It's the reason, I figure, why I'm following your footsteps into a helping profession. You were always so helpful for me, and as a counselor, I know you're helpful for others. For as long as I can remember, I've felt that same love.

Your compassion came in handy for me many times, as I could be a pretty sensitive kid. More stern parents might have, for example, told my fifth-grade self to stop crying while I was waiting for the bus and to just get used to middle school (fair point though - middle school can be a scary place for a kid). You and Dad, however, opted to come throw a baseball with me at the bus stop so that I would be distracted and have a good start to my day.

When I've had my heart broken or broken it myself with mistakes, you've been right there to validate and listen. You weren't always telling me what I want to hear, but you were being present.

I couldn't have had the successes I've had if not for you, either. Consider football, for example. I never would have been an all-state athlete or had the chance to play in college if you wouldn't have cooked me copious amounts of (mostly healthy) food in high school. You helped me go from a lanky 185-pound freshman to a bulky 250-pound senior lineman. Your excellent cooking made gaining that weight a lot easier; I didn't have to trust school lunches to do the trick. Your desserts also helped, of course.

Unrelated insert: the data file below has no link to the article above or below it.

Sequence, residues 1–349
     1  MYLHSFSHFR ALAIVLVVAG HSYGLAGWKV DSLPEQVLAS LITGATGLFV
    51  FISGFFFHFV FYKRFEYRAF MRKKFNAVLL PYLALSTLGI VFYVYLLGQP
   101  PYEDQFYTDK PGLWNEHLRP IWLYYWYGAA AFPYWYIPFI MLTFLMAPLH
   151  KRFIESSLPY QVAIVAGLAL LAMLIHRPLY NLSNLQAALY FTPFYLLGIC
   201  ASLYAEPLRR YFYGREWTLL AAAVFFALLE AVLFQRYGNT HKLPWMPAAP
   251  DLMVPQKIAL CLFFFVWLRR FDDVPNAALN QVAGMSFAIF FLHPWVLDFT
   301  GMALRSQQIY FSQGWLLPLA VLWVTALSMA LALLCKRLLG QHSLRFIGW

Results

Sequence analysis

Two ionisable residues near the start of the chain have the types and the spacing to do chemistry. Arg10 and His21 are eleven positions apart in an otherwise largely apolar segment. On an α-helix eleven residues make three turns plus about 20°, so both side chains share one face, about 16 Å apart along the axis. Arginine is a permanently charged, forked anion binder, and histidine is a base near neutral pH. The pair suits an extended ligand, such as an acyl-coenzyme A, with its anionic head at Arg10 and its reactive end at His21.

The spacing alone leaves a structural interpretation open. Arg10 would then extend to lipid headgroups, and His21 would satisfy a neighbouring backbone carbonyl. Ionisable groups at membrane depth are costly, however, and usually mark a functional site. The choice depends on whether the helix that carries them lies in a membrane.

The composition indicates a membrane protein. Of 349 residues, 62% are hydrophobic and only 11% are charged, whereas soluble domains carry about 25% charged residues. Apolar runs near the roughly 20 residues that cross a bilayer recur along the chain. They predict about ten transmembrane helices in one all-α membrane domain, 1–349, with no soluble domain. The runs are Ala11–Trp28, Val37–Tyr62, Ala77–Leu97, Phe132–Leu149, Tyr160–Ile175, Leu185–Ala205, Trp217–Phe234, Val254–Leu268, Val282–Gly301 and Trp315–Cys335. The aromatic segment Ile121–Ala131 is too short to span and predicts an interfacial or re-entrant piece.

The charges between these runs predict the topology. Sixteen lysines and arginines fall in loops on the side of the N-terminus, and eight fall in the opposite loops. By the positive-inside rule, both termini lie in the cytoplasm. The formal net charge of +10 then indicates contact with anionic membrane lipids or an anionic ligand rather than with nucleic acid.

You've shown me a tremendous amount of fight and courage as you've fought against cancer, ever since I was in high school. It never quite struck me as real, in part because even though you are soft-spoken, you present yourself with an incredible strength. My friends, when they find out that you have cancer, are always shocked – they comment that they would never have guessed. I know it's not easy for you; I know that it's probably on your mind a lot. But you (just like other survivors) have fought and battled with a quiet strength that I admire and that I'm not sure I could ever match.

You taught me so much more. You taught me to love the outdoors, what it's like to live on a farm, how to (temporarily) like country music, and to stand up for what is right.

You are a smart, strong, powerful, loving, sweet, beautiful woman, and I am eternally grateful to God that He made me your son.

I love you, Mom.

Your son,


Cover Image Credit: Harvey Family Photo